Along with cloud computing and the Internet of Things, Big Data is technological concept that has been hotly discussed by thought leaders, managers and IT nerds alike over the past few years.
Despite the buzz, many of us (author included) have tentatively nodded along in agreement without understanding the full extent or application of the technology. A fair few have just been downright confused or sceptical about the whole thing.
Like any business trend, it is important to understand what exactly everyone means when they throw the term Big Data around and give it a stern onceover to see if all the fuss is worth it. To help, we’ve picked out some of the most commonly asked questions to provide a straight-forward introduction to this technological jargon.
Isn’t Big Data just…a lot of data?
Actually, if you take apart the straight definition, that’s exactly what it means. SPS states that Big Data “describes the large volume of data - both structured and unstructured - that inundates a business on a day-to-day basis”. There is no set threshold for what constitutes Big Data, with the amount dependant on the specific organisation.
However, Big Data has become a more complex concept than files upon files of information and the term is now widely used to describe how we store, retrieve, analyse and present this often-overwhelming amount of information. This is where the real meat of Big Data is chewed over.
Are companies actually getting on board with this?
According to Gartner, 64 per cent of firms are actively planning or considering investment in Big Data initiatives in the next few years. There are plenty of industries out there that are applying big data analysis to operations already, with great success. As Frank Buytendijk of Gartner explained, looking at examples outside your organisation’s industry is vital in realising the value of potential projects.
SAS named just a few major sectors that are applying Big Data methods in a number of incredible ways. For example, organisations in the medical sector have utilised Big Data to better comply with safety standards and patient care needs. In the Retail industry, firms can better gather and analyse customer data, leading to more personalised sales strategies and increased positive feedback.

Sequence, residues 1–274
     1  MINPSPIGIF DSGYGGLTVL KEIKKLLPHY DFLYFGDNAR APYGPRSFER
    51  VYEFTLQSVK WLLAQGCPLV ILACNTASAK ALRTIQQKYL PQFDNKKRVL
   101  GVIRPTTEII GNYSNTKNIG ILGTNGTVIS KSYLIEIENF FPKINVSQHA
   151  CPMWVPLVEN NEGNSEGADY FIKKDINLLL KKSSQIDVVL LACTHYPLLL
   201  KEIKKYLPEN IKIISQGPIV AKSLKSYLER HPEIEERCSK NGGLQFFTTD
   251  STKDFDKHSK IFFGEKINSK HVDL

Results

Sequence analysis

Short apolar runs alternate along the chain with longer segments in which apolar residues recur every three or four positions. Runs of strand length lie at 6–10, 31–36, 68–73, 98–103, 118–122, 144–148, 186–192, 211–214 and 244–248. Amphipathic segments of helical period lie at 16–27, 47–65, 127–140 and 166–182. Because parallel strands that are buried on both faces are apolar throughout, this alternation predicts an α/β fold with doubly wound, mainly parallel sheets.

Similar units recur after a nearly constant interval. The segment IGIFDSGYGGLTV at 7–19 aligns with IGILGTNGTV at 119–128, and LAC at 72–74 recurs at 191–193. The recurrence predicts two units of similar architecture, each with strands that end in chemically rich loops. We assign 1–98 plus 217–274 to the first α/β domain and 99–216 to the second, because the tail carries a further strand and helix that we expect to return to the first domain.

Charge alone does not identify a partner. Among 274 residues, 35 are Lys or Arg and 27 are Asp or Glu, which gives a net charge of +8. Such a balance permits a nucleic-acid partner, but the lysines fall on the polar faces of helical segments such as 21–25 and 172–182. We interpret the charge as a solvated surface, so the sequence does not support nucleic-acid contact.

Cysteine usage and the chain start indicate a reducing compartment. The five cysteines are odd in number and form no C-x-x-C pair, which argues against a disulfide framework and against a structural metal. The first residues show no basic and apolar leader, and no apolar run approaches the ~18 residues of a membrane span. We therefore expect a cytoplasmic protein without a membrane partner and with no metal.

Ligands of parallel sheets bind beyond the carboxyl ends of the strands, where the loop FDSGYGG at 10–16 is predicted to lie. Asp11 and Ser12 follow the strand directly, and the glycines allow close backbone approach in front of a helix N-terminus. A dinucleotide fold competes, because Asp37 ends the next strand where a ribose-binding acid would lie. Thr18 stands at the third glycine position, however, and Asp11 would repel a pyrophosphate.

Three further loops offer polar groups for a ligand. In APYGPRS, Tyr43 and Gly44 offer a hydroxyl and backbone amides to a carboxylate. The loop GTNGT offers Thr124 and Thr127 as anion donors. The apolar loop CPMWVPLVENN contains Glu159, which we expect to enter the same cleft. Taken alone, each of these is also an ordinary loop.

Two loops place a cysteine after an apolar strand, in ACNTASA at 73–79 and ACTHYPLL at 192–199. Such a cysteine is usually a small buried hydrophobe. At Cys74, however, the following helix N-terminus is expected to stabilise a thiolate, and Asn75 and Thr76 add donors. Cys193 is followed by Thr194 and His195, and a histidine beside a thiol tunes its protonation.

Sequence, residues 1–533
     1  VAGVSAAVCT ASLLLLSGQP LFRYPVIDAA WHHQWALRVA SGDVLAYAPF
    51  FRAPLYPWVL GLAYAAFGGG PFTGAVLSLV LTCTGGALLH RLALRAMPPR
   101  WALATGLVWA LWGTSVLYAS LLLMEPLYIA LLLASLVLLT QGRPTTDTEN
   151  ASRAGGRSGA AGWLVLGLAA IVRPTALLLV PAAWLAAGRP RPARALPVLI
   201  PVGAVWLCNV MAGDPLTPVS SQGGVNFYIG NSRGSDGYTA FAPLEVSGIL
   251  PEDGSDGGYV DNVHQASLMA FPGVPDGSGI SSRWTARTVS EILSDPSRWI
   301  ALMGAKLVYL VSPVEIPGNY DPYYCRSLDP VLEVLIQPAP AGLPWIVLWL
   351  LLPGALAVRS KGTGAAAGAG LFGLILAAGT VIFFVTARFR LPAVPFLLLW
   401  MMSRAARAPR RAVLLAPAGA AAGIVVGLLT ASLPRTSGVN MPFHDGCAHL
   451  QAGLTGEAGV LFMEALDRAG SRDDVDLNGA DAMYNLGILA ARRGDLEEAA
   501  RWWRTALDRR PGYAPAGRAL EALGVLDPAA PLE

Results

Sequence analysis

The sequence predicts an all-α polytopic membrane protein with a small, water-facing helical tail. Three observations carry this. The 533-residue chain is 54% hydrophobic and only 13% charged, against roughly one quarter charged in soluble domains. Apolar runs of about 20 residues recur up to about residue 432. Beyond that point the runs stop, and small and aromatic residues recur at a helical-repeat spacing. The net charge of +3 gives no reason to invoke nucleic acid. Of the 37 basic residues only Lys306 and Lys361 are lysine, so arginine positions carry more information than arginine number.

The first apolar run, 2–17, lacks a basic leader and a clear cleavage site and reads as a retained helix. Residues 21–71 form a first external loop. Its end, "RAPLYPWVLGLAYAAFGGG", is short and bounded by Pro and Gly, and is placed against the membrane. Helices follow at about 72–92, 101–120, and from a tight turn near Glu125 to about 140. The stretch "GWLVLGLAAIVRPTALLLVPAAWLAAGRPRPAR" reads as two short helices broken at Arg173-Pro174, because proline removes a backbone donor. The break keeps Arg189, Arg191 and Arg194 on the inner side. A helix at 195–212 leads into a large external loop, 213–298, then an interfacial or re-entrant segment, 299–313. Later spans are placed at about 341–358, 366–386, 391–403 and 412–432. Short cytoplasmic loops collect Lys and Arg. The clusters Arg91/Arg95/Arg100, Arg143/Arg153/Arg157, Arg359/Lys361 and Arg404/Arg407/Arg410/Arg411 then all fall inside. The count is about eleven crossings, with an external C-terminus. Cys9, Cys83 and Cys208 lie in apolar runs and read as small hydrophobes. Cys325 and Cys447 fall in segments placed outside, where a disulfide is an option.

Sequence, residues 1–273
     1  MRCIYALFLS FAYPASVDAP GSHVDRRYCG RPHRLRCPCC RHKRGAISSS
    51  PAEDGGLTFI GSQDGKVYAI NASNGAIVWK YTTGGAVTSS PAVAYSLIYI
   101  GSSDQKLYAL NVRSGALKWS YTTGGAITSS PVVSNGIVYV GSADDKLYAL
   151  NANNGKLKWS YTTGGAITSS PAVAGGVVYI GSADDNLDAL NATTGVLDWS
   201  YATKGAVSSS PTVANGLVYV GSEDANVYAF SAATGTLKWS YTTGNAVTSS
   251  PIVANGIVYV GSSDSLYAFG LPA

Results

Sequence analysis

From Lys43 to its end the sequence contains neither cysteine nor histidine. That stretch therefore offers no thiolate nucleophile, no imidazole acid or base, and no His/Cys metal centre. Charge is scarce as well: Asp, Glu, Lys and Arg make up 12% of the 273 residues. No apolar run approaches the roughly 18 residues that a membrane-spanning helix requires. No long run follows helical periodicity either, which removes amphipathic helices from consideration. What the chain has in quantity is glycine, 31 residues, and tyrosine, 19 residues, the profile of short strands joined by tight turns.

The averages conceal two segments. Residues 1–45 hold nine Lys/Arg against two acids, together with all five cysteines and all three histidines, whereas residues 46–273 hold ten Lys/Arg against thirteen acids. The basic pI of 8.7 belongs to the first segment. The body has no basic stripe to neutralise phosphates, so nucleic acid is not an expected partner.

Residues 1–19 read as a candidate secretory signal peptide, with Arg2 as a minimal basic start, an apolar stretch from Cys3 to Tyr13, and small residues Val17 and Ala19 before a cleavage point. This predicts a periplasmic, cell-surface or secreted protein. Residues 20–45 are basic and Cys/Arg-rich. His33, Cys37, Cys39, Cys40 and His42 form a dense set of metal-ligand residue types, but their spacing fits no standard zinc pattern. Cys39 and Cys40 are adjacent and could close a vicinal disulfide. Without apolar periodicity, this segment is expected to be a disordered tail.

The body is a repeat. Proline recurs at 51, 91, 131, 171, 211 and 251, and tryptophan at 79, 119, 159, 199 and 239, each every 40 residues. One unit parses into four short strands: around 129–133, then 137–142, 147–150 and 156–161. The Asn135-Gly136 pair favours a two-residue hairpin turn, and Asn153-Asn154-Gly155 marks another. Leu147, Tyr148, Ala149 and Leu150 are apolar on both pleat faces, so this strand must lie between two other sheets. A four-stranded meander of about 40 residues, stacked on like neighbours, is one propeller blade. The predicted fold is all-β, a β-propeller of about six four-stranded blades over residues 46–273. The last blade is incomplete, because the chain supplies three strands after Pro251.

Why are we so hung up on it?
One of the key reasons many people are buzzing about Big Data is due to the current period of exponential information growth we are experiencing. In fact, CRC predicts that we will experience an annual data generation growth rate of 4300 per cent right up until 2020.
Naturally, extracting, finding and even producing valuable information will require a lot more creative link-building and analysis for many companies. The hard truth is that the majority of information will be nothing more than noise that distracts from meaningful insight or usable knowledge.
While many people are hailing Big Data Analytics as the saviour of the issue, there are some important caveats to consider before making a full embrace.
This all sounds rather expensive.
You could be right. For starters, you need to make sure you have the process, physical equipment and systems to support them. Of course, more data leads to the need for more intensive cyber security, as perpetrators will only become more aggressive yet sophisticated in their attempts to obtain valuable data.
You also have to consider the level of return that any Big Data initiatives will give you in the long run, whether this is improved profits and productivity, reduced waste or a more engaged workforce.
“The sweeping changes in big data technologies and management approaches need to be accompanied by similarly dramatic shifts in how data supports decisions and product/service innovation,” said Thomas H. Davenport, Professor of Information Technology and Management at Babson College.
However, the most important aspect of a Big Data uptake is having the right people on board to help make it effective and achieving a specific set of objectives. As Chief Data Scientist at Lemoxo Technologies Satish Patel stated, this means getting highly skilled data scientists who can create appropriate algorithms and figure out how exactly they can bring value to the business through advanced data analysis.
Can I pay someone else to do it for me?
Outsourcing this venture is becoming a lot more popular, especially when you consider the results of a recent EY and Forbes survey. Out of the 564 executives questioned, 70 per cent were just in the early development stages of digital strategies, citing “critical talent shortfalls, inconsistent skills and expertise across the organisation” as major barriers to the uptake.
It is important to choose a provider who will act as a partner, taking into account your strategic goals and the limitations of your organisation. A good provider will play to your strengths and offer meaningful solutions, but will avoid over-selling and telling our organisation that they can magically solve all your problems.
Contracting a team of employees is also another viable option, although this some with the added task of proper onboarding and monitoring to ensure they fit well with your current team.
So…should I be looking into it?
If you have a number key systems and process that you could better measure or quantify, then it’s at least worth a second look. However, it is a considerable investment that takes a lot of planning and talent, whether sourced inside or outside of the company. You need to have a team of technological savvy people with both the hard and soft skills to see a project right through to completion.
The hype around Big Data is set to stay as more products and studies project themselves around the internet. For organisations, it is important to take in all the information with a critical eye and keep the potential benefits in the back of their mind until the perfect time arises to set initiatives in place.